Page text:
Let’s give a break to our go-to’s and shed some light on a few lesser-known designers that quite honestly deserve some attention.. New and emerging designers have a different feel, getting to sense their captivating aesthetic and donning one or more of their creations is one of our favorite things to do. Those picks will surely spark joy to oneself and pick conversations upon standing out in a crowd looking absolutely unique!
1 || KEH
Duo designers Wei Ge and Aoyu Zhang were inspired to create their brand while waiting in line at the opening of the Dover Street Market boutique in Singapore. Their friendship and shared love for fashion were the triggers that brought KEH to life two years after they both were done with their studies.. On 2019 in New York the pair launched KEH. By creating gender-fluid clothing they deconstructed and mixed elements to represent what they and their friends wanted to wear. Their pieces show off well-tailored jackets, pants and attractive pieces with a nod to avant garde in muted tones.
2 || SC103
Claire McKinney and Sophie Andes-Gascon both moved to New York in 2011 to study fashion design at the Pratt Institute in Brooklyn. In 2015 they both landed jobs as design consultants for the brand Maryam Nassir Zadeh, where they still work. They each continued to create their own clothes on the side and eventually formed a partnership; in 2019, they launched SC103, which specializes in custom dyes and handcrafted elements. The name SC103 is a nod to the pair’s personal bond: It’s derived from the first letters of their names, combined with the building number of their first shared apartment and studio.
3 || Nensi Dojaka
Nensi Dojaka graduated from Central Saint Martins. She was one of five designers selected by Fashion East. Born in Tirana, Albania, Dojaka grew up with a deep-rooted love of art. Nensi moved to the United Kingdom in 2009 to attend high school and later studied at both the London College of Fashion and Central Saint Martins. Last March, her graduate collection comprised deconstructed dresses made from layers of different types of sheer fabrics, that’s when Canadian luxury retailer Ssense encouraged her to continue and build her namesake label. Severity and delicacy describe Nensi’s woman. The designer frequently turns to ’90s-era magazines for inspiration and nods to that decade will be as present as ever this season.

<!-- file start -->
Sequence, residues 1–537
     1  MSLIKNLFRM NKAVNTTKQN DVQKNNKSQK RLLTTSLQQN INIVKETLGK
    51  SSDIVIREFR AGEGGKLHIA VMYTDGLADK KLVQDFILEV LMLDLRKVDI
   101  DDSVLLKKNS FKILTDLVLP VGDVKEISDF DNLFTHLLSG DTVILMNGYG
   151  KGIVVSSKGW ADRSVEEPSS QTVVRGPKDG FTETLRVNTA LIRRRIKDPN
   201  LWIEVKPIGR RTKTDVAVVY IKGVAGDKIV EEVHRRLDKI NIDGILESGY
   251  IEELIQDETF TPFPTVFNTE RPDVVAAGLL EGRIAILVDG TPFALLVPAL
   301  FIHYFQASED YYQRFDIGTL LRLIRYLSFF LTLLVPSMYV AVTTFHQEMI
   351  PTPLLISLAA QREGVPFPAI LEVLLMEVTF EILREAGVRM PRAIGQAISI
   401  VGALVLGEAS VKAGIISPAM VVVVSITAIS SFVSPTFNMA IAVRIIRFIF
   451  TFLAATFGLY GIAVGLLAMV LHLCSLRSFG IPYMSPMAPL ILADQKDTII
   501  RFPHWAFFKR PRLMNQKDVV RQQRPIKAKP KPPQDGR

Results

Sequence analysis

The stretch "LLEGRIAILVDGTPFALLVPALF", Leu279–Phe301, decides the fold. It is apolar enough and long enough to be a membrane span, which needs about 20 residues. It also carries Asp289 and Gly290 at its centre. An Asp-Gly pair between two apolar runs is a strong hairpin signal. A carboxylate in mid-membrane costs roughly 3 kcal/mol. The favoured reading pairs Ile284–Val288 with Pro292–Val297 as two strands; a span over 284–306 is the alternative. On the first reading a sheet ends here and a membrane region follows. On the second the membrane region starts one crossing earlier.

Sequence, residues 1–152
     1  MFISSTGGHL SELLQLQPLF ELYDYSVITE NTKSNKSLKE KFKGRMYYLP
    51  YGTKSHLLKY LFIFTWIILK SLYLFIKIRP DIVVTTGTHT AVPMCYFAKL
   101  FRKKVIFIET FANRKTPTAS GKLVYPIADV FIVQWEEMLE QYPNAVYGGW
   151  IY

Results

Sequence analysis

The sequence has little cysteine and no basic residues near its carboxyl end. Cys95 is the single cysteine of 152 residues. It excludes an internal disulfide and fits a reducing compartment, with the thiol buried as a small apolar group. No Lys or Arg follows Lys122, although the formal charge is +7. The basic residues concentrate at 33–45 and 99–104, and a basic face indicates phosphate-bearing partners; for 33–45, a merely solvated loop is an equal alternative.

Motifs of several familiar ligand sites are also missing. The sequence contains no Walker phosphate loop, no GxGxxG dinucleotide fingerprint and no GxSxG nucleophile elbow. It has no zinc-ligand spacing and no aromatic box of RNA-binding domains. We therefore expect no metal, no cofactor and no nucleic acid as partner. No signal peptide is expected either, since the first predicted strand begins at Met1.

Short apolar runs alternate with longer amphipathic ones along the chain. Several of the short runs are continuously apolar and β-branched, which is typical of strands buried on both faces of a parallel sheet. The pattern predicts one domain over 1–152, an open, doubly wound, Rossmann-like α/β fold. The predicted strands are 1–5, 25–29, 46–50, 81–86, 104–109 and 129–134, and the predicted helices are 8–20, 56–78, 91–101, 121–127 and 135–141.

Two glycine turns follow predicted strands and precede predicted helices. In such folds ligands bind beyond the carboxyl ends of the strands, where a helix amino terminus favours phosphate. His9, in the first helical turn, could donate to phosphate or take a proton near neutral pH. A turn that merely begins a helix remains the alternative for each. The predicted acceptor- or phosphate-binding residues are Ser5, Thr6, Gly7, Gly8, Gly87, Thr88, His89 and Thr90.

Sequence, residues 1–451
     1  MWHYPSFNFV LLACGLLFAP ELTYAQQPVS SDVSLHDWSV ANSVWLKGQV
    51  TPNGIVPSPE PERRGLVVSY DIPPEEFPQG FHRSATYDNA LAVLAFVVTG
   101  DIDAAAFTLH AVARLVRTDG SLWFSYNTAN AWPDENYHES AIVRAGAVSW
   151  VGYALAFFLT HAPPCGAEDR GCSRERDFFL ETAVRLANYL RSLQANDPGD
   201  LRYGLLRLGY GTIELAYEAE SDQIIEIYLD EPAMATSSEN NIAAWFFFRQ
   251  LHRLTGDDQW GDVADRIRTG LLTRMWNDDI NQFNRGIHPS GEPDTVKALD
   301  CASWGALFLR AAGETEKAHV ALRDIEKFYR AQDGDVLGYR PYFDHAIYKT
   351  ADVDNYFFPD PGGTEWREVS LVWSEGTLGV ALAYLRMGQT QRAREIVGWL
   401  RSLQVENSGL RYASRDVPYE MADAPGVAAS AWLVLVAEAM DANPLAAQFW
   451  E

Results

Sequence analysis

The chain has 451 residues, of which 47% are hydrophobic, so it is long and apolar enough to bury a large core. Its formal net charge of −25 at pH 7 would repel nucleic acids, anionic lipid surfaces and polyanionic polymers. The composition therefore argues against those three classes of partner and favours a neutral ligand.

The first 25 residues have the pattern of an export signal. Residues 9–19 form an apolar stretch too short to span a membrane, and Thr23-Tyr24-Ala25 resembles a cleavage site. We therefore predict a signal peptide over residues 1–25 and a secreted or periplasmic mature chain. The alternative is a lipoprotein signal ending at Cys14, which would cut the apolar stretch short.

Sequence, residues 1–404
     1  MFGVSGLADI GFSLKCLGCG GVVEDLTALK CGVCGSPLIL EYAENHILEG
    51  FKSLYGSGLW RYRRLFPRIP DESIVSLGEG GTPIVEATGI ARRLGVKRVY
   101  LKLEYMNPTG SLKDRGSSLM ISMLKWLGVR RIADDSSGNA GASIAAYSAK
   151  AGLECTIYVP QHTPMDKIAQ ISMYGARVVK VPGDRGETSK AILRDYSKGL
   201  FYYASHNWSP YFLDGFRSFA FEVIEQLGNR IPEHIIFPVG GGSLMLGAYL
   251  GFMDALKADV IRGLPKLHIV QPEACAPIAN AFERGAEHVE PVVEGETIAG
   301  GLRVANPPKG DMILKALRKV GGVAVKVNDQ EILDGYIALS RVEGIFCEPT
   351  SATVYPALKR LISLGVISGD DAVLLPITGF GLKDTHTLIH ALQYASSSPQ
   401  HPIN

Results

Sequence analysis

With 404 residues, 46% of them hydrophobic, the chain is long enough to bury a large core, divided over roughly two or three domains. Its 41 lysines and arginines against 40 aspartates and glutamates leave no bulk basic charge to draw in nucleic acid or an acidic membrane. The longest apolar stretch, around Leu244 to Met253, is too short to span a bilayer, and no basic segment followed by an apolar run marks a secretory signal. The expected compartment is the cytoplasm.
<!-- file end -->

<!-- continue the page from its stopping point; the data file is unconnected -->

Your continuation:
4 || WED
WED is a bridal inspired ready-to-wear label owned by Amy Trinh and Evan Phillips. And when both designers’ resumes include names such as Louis Vuitton, Craig Green, Stella McCartney, Richard Quinn and Simone Rocha; the basis for a promising brand were already promising.. Their aesthetic? Dresses that could be worn more than once. The pair’s goal is to create garments that can be worn both on and long after a person’s wedding day. “It’s about making bridal wear more sustainable and changing the mentality that a wedding dress should be boxed up and never worn again,” Their garments drape and are based on swirling movement. This season, the designers have also collaborated with the 300-year-old English mill Stephen Walters, and have repurposed many of the company’s dead-stock fabrics, from a quilted jacquard to a striped satin.
5 || Shuting Qiu
Born in Hangzhou, China, Qiu began dreaming up ideas for fantastical garments as a young child. At the age of 18 she cultivated her eclectic tastes and love of unusual combinations of colorful prints. The collection she presented at the end of her bachelor’s degree in 2017 — defined by extravagant silhouettes and loud clashing patterns — was selected by the online fashion platform and store Vfiles to appear in its spring 2019 runway show during New York Fashion Week and she launched her own brand not long after. Qiu’s aesthetic is references to travel and the traditional clothing she’s seen in parts of Africa, India and Southeast Asia. Accordingly, her prints — which range from floral motifs to vibrant checks and plaids — come in rich contrasting colors and are often finished with intricate embroidery.